So Cardenaz named the tiny creature Buzz, and gave it Pedialyte, sugar and a safe place to heal.
“I had to wait until he molted, and regrew new wings. That was eight weeks. And he became a part of the family,” Cardenaz told the news station.
As Buzz grew stronger, he would fly around the yard. Then, Cardenaz said, Buzz took off for the winter.
“And he's been coming back for the last four years,” Cardenaz said.
Buzz was a little late this year, which had Cardenaz worried.
“I was kind of worried about him, and I was on the front porch, sweeping off the front porch, and I felt something zoom around my head,” he said. “I stood on the front porch, put my hand out, and he landed on my hand.”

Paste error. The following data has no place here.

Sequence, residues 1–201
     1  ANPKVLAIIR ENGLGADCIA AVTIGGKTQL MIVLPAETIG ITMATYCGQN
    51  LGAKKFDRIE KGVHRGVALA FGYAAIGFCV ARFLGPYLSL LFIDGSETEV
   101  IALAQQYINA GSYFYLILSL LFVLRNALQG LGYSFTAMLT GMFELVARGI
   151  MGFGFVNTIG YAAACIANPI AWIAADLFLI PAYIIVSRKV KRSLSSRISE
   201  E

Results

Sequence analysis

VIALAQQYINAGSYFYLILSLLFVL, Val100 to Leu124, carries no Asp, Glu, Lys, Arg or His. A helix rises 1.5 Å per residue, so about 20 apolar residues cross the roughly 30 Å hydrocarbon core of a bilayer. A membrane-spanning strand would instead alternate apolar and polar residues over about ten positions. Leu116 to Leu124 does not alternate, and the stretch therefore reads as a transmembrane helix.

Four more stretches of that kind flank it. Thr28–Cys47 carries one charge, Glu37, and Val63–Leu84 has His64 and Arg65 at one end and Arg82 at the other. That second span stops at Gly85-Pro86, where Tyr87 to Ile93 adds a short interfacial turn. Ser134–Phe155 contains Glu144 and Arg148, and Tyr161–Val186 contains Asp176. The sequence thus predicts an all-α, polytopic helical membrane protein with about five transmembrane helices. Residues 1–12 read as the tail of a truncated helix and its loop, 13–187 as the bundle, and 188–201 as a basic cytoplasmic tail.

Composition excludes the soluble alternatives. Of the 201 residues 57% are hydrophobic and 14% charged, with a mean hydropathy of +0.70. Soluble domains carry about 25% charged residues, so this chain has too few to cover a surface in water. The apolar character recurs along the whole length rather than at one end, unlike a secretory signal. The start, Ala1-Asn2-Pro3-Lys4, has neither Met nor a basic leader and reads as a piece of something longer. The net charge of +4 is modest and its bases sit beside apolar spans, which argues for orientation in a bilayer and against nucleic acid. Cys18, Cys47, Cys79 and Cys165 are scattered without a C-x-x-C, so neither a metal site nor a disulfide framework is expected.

How does he know it's Buzz?
“Random hummingbirds don't land in your hand,” Cardenaz said.
But Buzz isn’t the only small creature Cardenaz has helped. Currently, he is nursing a chipmunk back to health.
“That's what people call me, Dr. Doolittle,” Cardenaz said, referring to the fictional doctor who could talk to animals.